Kathy Crook’s passion for baking keeps her afloat

Published 12:00 am Thursday, June 13, 2019

After losing everything in her life two times, McKenzie local Kathy Crook stays afloat now by doing what she loves, baking.

Crook travels to four different farmers markets a week to try and expand her business of baking.

“I do Luverne on Mondays, Greenville on Tuesdays, Andalusia on Wednesday and on Thursdays I started my own market,” Crook said. “Then on the weekends, I travel as much as I can. Last weekend I went to Fort Valley, Ga., to the Peach Festival, this weekend I am going to Monticello, Fla., for a Watermelon Festival and I just try to find as many as I can during the weekends.”

Crook began baking 20 years ago in several different places where she has lived.

“I started with a full-on dessert line and that has been since 1997,” Crook said. “I worked with different companies and different variations.”

Yesterday, Crook brought 32 different flavors of fudge.

“Last year at the market I brought all of the different baked goods like cookies, cakes and sweets,” Crook said. “I started seeing that a lot of other people were doing those things. So, I wanted to start the fudge. People didn’t seem to get enough of it. So, I kept on bringing it.”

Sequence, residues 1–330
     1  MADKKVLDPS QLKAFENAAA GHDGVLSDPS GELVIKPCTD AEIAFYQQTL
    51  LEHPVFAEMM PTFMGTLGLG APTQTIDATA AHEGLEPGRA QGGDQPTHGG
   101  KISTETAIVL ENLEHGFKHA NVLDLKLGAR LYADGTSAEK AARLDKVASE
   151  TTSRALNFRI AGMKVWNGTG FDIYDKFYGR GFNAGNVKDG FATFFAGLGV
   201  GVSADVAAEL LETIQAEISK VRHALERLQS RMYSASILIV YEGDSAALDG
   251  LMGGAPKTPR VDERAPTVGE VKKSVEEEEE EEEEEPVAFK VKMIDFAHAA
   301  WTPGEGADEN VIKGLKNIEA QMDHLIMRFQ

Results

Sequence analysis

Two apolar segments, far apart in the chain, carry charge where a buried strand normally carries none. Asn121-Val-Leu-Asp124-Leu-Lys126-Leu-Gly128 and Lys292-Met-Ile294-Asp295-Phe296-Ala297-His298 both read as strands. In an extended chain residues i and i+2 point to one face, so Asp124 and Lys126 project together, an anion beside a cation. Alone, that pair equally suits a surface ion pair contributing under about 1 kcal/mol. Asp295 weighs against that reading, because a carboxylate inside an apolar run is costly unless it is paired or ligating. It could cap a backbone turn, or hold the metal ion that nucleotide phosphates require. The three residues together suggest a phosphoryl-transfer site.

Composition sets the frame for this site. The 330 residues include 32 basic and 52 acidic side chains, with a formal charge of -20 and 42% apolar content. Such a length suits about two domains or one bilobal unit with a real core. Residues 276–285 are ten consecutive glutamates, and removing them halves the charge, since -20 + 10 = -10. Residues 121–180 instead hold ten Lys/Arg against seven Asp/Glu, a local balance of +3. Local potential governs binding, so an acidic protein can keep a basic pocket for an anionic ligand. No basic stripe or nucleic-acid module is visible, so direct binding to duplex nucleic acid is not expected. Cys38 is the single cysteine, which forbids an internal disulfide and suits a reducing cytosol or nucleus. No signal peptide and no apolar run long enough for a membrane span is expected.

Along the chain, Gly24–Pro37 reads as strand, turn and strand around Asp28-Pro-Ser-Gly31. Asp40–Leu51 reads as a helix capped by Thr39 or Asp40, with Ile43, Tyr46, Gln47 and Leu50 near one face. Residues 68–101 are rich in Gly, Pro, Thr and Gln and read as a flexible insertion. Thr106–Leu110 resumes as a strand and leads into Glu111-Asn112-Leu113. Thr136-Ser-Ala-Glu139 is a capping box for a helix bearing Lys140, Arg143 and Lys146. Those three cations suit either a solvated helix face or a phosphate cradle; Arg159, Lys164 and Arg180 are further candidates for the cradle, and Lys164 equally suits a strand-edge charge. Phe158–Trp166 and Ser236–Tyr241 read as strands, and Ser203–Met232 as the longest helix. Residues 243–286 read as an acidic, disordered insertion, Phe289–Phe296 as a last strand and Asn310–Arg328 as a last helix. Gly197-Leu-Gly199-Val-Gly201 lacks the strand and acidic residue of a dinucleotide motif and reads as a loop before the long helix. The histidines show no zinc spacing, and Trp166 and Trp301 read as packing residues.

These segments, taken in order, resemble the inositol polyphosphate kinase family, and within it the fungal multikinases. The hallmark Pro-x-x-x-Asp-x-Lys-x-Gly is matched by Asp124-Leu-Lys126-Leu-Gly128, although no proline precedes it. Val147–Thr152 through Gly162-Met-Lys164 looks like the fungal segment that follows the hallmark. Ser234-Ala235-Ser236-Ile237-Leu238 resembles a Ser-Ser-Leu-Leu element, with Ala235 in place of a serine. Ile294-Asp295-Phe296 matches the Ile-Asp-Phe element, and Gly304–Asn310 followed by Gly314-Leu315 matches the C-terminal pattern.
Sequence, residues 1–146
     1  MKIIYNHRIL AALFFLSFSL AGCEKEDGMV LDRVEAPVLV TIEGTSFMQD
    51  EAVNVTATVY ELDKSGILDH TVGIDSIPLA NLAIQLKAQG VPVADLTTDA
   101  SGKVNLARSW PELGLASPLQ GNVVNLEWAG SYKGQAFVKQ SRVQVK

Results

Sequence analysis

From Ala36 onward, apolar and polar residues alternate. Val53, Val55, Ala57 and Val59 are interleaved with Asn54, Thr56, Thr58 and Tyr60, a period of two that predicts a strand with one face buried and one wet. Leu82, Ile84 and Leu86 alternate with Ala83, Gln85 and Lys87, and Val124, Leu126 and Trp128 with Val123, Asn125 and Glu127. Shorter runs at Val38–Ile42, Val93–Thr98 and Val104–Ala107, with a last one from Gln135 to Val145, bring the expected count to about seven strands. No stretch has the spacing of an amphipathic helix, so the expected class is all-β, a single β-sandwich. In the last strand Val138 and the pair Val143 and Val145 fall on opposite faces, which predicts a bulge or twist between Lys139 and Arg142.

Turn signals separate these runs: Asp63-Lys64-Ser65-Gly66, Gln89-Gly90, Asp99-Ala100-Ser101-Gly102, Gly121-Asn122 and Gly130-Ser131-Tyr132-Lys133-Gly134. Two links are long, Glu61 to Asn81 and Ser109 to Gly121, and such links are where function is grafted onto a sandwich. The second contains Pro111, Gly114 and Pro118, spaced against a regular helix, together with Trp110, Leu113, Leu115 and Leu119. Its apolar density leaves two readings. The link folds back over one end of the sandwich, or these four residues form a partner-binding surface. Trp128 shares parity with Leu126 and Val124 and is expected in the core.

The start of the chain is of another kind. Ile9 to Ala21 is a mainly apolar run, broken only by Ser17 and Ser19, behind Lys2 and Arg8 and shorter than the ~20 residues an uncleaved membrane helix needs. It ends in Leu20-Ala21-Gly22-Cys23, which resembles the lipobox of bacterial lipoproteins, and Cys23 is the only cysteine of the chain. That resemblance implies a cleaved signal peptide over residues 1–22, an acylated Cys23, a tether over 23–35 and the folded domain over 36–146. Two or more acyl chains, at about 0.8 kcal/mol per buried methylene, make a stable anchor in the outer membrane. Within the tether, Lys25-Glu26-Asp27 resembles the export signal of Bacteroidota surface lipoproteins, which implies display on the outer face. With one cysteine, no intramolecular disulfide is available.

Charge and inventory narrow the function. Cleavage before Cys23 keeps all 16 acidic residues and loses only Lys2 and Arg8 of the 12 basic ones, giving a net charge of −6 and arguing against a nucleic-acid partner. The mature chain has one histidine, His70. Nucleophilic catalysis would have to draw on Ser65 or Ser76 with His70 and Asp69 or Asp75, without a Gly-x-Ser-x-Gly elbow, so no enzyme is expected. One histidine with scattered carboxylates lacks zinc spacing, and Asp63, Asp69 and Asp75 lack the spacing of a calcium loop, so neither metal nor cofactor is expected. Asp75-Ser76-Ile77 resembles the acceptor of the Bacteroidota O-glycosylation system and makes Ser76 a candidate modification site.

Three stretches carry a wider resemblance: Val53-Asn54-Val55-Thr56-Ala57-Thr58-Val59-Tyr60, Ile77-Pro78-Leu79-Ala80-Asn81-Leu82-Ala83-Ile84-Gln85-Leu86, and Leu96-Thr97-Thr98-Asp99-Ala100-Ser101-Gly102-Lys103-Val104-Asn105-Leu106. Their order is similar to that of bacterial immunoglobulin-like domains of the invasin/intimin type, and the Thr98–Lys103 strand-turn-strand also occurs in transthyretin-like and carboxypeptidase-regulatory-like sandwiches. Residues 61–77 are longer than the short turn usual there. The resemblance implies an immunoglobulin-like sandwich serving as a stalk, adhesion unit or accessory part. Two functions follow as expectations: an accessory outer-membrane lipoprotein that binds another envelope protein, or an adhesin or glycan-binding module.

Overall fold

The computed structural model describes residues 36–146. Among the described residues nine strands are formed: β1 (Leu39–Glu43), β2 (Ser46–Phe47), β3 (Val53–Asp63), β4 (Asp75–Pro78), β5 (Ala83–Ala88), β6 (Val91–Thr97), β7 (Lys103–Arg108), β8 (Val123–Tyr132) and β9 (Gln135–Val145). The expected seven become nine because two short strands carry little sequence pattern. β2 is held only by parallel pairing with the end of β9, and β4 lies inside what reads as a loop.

Each one of her fudge bricks is handmade and the flavors are arranged by the season.

“I keep the basics around all of the time,” Crook said. “The chocolates, the peanut butters, those are the ones that I keep on hand all year. Right now, I have a lot of new flavors for the summer. I have watermelon, peach and pina colada. They are all made homemade in small batches. I cook them on an old-fashioned stove and each batch takes about 20 minutes.”

Crook has lived all over the Northeast and made her way down to the Florida Keys after being on the road of six months.

“I was born and raised in New Jersey,” Crook said. “Then I moved to Pennsylvania, then I moved to Florida after being on the road for six months. While we were in the Keys, we lost everything. Hurricane Irma destroyed everything that we had. We lost our place that we were living, our vehicle just everything was gone. After living in hotels for seven months, we resettled to McKenzie and found a farm there.”

The hurricane was not the first time that Crook lost everything. In 1999, a drunk driver hit her while she was living up north.

“We lost our farm, our business and everything,” Crook said. “I had to relearn a lot of things like the basics, but this is what I love. I always come back to cooking and baking.”

Crook said that farmers markets are essential for local farmers.

“I got to four a week because it is such a great opportunity to get my products out there,” Crook said. “My ultimate goal is to get a storefront, but right now I am just trying to get my products to locals.”